Towards the end of LAFOREY’s commission, a monkey was brought aboard when LAFOREY helped to take Diego Suarez in Madagascar. Then, on a final convoy operation to Malta, Minnie the monkey who was given the usuai tot of rum to soothe her nerves during a bombing of the ship, “was discovered cowering in a dark comer, her teeth chattering and on the verge of hysteria. The shots of rum took their ultimate toll with Minnie suffering from alcohol addiction, eventual DTs and a drunken death.”

With the approval of Durham’s request for submarine duty, he was first granted leave “to await the metamorphosis from hunter to hunted” then, having missed a three month submarine officer’s training class, he was assigned to L-26, a First World War boat, until the next class convened. But those plans were shortly canceled along with his basic schooling and he was assigned to GRAPH, the captured German Type 7C, U-570. It was of the same size, 750 tons as the S class British boat in which he’d first served for a few months. However, the U-boat while making the same speed submerged (8 knots), could make 19 knots on the surface with her MAN supercharged diesels. Her 7 /8 inch hull gave her twice the diving depth (600 feet), she carried twice as much fuel oil with some outside the hull and had far greater range than the coastal S-boats. She had only 1/3 the water supplies and “her seamen and stokers slept in any comer of the deck they could find. ” GRAPH had six torpedo tubes (one was aft with a reload) and carried 14 torpedoes. Her main ballast tank vents were operated from the control room by 90 foot long shafts. Her 88 mm deck gun had watertight binocular sights and she housed two periscopes, a patrol scope in a well and an attack scope at which the skipper sat, high above the control room deck. With a quarter of the reserve buoyancy of British boats, GRAPH on the surface “bucketed about so violently that it was not possible to stand or move without holding on.” Thus. “when running in a pooping sea. the sea gurgled over and swirled us up till we (the bridge watch) were hanging face down, moored by our harness lifelines, high above the deck of the bridge. As we swung to and for. I looked up at the surface of the water. green and sparkling several feet above.” And, “Controlling depth in rough weather left little margin between the Scylla of breaking surface and the Charybdis of dipping the captain (on the periscope)… Scylla in Greek mythology was a nymph turned sea monster while Charybdis was the daughter of Poseidon who when thrown into the sea spewed destructive whirlpools-both being grave threats to Odysseus.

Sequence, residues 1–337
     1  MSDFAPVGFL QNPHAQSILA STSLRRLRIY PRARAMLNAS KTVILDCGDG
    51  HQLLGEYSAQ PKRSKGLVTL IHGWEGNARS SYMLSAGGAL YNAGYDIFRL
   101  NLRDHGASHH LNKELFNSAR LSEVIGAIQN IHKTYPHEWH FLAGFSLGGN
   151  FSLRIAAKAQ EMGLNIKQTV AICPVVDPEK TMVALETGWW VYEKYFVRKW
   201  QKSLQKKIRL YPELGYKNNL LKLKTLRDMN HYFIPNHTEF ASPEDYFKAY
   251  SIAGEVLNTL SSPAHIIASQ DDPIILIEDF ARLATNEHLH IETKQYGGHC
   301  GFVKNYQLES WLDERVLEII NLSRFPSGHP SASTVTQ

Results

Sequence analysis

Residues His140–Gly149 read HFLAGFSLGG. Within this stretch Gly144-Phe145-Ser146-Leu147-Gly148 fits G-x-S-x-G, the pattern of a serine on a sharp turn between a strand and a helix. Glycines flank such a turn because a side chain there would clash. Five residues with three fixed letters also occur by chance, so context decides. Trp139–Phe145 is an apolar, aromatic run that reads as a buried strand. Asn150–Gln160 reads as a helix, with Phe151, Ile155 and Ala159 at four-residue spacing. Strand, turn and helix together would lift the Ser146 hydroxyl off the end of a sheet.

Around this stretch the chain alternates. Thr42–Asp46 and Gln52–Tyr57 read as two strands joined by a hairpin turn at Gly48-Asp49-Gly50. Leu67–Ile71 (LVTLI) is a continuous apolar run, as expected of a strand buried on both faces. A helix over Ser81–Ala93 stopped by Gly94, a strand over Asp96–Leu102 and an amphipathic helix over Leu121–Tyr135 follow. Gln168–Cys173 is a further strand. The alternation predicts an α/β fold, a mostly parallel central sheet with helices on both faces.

GRAPH was planned to infiltrate a German wolfpack and torpedo a few German U-boats before the deception was recognized by Admiral Doenitz. But her one northern patrol proved to be her last since she was forced to go into refit because of the fragility of her aluminum MAN diesels (that were remarkable for being reversible). Durham was hence transferred in July ’43 to STOIC, a newly commissioned S class submarine.

While dry docking STOIC, preparatory to joining an operating flotilla of submarines, Durham tells of a British Navy yard experience somewhat similar to one I had in 1943 (with U.S. shipyard workers when with SEADRAGON). Durham’s experience, I feel, justifies his version. “Waiting on the jetty to position the large timber supports of the narrow-keeled circular-hulled boat, were about 80 dockyard maties. They were not an impressive sight, lolling against bollards, some playing cards, others reeling about drunk and only about a dozen showing any signs of helping to tow the floating supports into position. On the fore casing our crew watched in frustration and requested permission to help. But they were told that any move to assist and the whole squad (being paid double for overtime) would down tools and walk off on strike. With over twice as many available as were needed to do the job, it took twice as long as it should. So much for working hard for Victory in November 1943, as the posters urged. ”